Organizations considering a merger or acquisition are often cautioned that the majority of such deals fail to live up to expectations and, indeed, end up as money-losing ventures.
When a team negotiates on behalf of an organization, it can often achieve more than an individual would thanks to the team’s cumulative knowledge and experience. Yet team negotiations can create new problems.
Business negotiators often worry about being deceived, and understandably so. The potential for being lied to or swindled can be high in negotiation, given that our counterparts typically have access to information about preferences, alternatives, product quality, and so on, that we lack. Yet research shows that negotiators often behave honestly even when doing so costs them money.
We might hope that when we adopt negotiation best practices—such as spending lots of time preparing and asking questions at the table—we would achieve consistently strong results in our negotiations. Yet as most of us have experienced, our outcomes and personal satisfaction can vary a great deal from one negotiation to the next. Why?
In negotiation, we gain power from strong alternatives, a powerful role, or our particular talents and skills. What if we lack power in a particular negotiation? We may be able to do well nonetheless if we merely feel powerful, research suggests.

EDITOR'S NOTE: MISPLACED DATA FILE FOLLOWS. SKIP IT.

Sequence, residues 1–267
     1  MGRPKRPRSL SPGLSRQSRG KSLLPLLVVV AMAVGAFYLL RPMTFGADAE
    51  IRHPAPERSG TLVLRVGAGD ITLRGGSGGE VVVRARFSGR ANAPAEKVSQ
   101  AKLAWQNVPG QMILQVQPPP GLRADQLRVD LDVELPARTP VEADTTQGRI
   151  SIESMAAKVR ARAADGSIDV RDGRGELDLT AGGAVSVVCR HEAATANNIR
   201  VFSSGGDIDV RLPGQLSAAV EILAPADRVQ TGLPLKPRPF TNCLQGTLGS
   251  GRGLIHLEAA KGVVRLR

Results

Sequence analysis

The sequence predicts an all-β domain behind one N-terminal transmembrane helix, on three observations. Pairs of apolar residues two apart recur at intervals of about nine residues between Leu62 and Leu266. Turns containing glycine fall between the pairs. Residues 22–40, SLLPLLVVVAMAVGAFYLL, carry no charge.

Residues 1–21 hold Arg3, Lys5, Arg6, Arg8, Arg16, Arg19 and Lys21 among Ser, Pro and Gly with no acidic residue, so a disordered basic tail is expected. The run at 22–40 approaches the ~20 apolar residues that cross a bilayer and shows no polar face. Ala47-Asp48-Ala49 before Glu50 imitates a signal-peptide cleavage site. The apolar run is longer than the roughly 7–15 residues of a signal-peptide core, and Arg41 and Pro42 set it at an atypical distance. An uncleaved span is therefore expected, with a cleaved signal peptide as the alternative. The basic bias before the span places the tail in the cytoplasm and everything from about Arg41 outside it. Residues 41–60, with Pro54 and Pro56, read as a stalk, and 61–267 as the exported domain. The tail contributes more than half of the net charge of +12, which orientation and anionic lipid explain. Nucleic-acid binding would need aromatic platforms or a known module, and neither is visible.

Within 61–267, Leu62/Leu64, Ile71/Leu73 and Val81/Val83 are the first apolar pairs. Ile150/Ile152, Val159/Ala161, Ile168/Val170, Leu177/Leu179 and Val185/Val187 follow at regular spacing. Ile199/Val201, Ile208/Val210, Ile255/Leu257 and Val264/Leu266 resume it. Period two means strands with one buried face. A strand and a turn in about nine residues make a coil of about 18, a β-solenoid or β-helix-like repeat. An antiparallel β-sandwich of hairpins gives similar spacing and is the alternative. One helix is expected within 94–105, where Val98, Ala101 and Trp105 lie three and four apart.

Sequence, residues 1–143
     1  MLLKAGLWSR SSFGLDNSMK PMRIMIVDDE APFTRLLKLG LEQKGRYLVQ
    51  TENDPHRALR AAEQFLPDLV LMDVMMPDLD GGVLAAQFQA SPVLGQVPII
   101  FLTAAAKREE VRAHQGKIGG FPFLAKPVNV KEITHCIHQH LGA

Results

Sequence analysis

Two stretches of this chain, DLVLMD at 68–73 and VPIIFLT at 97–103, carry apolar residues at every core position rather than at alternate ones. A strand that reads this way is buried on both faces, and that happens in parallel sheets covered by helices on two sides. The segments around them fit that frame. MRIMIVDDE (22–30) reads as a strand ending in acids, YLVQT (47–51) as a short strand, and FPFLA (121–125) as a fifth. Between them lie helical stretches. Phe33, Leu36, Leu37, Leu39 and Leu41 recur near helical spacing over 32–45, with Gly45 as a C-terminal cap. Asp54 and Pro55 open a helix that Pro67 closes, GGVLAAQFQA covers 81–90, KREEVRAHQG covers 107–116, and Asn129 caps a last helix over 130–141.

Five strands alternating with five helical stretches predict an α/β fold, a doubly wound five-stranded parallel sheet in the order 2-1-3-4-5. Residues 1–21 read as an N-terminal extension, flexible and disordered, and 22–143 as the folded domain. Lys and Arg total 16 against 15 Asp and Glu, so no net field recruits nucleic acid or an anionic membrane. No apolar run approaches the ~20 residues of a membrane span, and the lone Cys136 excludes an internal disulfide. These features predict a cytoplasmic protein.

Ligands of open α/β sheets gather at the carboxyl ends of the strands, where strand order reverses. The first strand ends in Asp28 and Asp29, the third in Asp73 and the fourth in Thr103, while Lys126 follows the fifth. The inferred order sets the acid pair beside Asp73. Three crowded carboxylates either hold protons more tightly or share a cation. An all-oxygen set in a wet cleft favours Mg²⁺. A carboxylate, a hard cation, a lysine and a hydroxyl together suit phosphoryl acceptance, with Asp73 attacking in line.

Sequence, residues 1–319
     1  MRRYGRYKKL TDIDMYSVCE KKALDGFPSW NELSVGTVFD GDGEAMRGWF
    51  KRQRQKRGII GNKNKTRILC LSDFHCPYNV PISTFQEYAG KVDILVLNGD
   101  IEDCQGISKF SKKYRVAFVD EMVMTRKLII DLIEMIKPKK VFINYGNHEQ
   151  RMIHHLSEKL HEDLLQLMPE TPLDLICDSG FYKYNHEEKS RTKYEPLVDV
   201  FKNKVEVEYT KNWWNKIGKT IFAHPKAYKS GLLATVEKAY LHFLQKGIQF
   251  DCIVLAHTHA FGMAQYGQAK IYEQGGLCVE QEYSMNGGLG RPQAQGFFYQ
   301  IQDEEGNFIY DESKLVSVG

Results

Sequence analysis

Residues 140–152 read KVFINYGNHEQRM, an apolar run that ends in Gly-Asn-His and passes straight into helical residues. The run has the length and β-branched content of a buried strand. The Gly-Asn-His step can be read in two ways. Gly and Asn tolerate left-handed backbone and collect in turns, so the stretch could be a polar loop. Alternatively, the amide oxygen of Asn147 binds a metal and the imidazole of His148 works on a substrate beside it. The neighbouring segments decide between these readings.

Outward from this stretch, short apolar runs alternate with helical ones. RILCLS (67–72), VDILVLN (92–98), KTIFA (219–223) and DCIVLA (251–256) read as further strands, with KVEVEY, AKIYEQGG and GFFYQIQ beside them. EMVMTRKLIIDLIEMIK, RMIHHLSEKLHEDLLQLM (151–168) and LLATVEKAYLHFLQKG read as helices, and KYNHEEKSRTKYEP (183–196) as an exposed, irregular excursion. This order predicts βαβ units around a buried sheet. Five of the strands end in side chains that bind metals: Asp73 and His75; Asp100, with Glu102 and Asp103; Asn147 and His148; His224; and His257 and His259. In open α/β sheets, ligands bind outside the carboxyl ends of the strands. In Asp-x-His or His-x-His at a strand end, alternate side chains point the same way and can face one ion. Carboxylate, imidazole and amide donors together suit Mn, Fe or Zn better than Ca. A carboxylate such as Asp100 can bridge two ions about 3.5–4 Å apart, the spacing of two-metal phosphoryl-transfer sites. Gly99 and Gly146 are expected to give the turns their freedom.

Negotiations between friends and others in a close relationship are notoriously inefficient, research shows.
In a survey of office workers from Fortune 500 companies, Georgetown University professor Jeremy Yip and his colleagues found that 61% recalled hearing or engaging in boastful or insulting comments at work within the prior three months.
The French are well known for their sartorial style, but what about their negotiating style?
“Just be yourself”: It’s probably the most common advice given to job interviewees. But research suggests most people don’t follow the old cliché.
Women are underrepresented in leadership roles in the workplace, holding only about 16% of executive positions in Fortune 500 companies. Facebook COO Sheryl Sandberg and others have urged women to “lean in” by competing for high-level managerial jobs and negotiating for better pay and greater responsibility. Yet substantial evidence shows that many women who try to lean in face biased hiring and promotion processes that favor men.